1. This site uses cookies. By continuing to use this site, you are agreeing to our use of cookies. Learn More.
  2. Hi Guest, welcome to the TES Community!

    Connect with like-minded education professionals and have your say on the issues that matter to you.

    Don't forget to look at the how to guide.

    Dismiss Notice

Different standards for outstanding schools?

Discussion in 'Workplace dilemmas' started by becktonboy, Feb 6, 2012.

  1. becktonboy

    becktonboy New commenter

    Not with any realistic chance of success, since capability proceedings can only be undertaken where the teacher is failing to meet the appropriate professional standards (for class teacher, post-threshold or AST/Excellent teacher), which are not determined by dubious OFSTED style gradings.
     
  2. That's interesting. My school is insisting that anything "judged" as less than good is unacceptable because of the negative impact it would have on other staff, parents, school reputation etc..... oh, yes and on the students...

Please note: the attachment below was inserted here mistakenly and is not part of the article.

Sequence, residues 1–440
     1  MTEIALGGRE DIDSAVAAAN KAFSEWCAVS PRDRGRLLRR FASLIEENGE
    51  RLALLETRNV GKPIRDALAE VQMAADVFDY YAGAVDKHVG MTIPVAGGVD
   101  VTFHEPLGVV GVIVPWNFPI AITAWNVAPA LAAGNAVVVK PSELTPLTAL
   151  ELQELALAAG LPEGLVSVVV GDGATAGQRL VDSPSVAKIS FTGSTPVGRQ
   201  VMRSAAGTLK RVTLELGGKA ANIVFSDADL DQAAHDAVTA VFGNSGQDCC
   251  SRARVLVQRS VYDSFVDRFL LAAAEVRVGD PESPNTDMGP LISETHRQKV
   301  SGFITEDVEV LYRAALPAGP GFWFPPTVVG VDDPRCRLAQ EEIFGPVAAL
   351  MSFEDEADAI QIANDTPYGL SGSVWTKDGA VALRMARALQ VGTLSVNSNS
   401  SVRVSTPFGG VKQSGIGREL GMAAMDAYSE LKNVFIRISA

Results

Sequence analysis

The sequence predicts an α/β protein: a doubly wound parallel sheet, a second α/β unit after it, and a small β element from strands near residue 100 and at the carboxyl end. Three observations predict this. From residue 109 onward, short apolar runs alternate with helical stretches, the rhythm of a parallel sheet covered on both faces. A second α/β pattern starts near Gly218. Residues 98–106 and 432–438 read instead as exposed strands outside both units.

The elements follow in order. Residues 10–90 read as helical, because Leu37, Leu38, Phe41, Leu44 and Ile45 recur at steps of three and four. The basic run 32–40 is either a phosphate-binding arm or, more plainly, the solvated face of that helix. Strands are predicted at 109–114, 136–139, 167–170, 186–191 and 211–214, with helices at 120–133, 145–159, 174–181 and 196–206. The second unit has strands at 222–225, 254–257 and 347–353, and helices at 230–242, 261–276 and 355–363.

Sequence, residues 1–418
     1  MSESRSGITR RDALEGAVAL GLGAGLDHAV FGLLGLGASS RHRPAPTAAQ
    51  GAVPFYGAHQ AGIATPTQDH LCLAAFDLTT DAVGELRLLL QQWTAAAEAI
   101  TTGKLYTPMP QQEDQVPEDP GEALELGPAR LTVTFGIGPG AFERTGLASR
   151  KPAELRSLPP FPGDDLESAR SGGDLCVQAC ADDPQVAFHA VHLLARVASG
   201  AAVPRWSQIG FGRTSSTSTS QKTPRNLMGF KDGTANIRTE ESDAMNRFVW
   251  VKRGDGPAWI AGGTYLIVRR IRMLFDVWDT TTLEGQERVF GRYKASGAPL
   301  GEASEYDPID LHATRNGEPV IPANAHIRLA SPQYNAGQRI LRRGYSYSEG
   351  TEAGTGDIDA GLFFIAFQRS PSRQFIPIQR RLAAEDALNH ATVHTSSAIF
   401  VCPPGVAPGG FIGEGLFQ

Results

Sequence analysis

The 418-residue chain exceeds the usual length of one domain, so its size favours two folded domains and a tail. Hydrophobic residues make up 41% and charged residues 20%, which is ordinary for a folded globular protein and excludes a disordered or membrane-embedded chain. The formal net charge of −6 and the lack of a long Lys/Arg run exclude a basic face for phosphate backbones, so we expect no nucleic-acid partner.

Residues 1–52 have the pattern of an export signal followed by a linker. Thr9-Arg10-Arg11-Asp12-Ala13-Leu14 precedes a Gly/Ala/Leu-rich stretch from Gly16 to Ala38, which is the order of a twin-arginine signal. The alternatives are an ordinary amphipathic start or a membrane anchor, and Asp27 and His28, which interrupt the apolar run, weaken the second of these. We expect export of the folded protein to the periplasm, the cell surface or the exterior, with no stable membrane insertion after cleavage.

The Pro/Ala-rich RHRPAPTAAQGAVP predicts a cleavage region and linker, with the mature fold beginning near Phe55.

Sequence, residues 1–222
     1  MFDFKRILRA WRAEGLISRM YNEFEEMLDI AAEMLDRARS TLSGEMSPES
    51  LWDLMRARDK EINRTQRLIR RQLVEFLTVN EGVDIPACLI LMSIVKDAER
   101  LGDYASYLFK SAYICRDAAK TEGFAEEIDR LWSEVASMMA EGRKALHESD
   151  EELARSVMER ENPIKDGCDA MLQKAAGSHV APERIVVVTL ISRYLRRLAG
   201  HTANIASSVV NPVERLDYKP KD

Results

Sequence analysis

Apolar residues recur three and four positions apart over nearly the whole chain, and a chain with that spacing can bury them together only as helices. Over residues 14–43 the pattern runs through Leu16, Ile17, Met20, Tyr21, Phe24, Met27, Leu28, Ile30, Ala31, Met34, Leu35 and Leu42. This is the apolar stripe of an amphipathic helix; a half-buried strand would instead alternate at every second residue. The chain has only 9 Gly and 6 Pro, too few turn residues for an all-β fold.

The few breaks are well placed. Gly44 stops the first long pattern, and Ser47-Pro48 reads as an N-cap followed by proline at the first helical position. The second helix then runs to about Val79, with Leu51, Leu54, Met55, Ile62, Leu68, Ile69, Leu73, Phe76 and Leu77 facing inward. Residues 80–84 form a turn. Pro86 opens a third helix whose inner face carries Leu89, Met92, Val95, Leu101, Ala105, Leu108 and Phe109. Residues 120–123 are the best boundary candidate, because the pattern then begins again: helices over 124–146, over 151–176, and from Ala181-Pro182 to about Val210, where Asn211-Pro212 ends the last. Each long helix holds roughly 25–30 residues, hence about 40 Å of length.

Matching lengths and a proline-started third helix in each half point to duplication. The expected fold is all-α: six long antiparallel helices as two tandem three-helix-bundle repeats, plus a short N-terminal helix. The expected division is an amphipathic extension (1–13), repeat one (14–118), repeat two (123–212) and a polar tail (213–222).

3. minnieminx

    minnieminx New commenter

    My school is in the process of 'supporting' anyone whose teaching is deemed to be less than good. And in fact 'supporting' those whose is good to become outstanding.

    Whose? Who's? I dunno!
     
  4. 'Who's' is abbreviated 'who is', 'whose' is possessive; it's like 'it's' and 'its'.
     
  5. minnieminx

    minnieminx New commenter

    That was what I though, but wasn't sure. Thank you.
     
  6. becktonboy

    becktonboy New commenter

    that is at least a valid argument and one the school could pursue by providing appropriate support (not observations and crappy 'how to be a good teacher' courses - they are indicative of a clueless, possibly vindictive management). Real support would be team teaching, regular access to an experienced classroom teacher for mentoring, coaching, planning support etc etcPoint is, capability is a different beast for the reasons I highlighted before.
     

Share This Page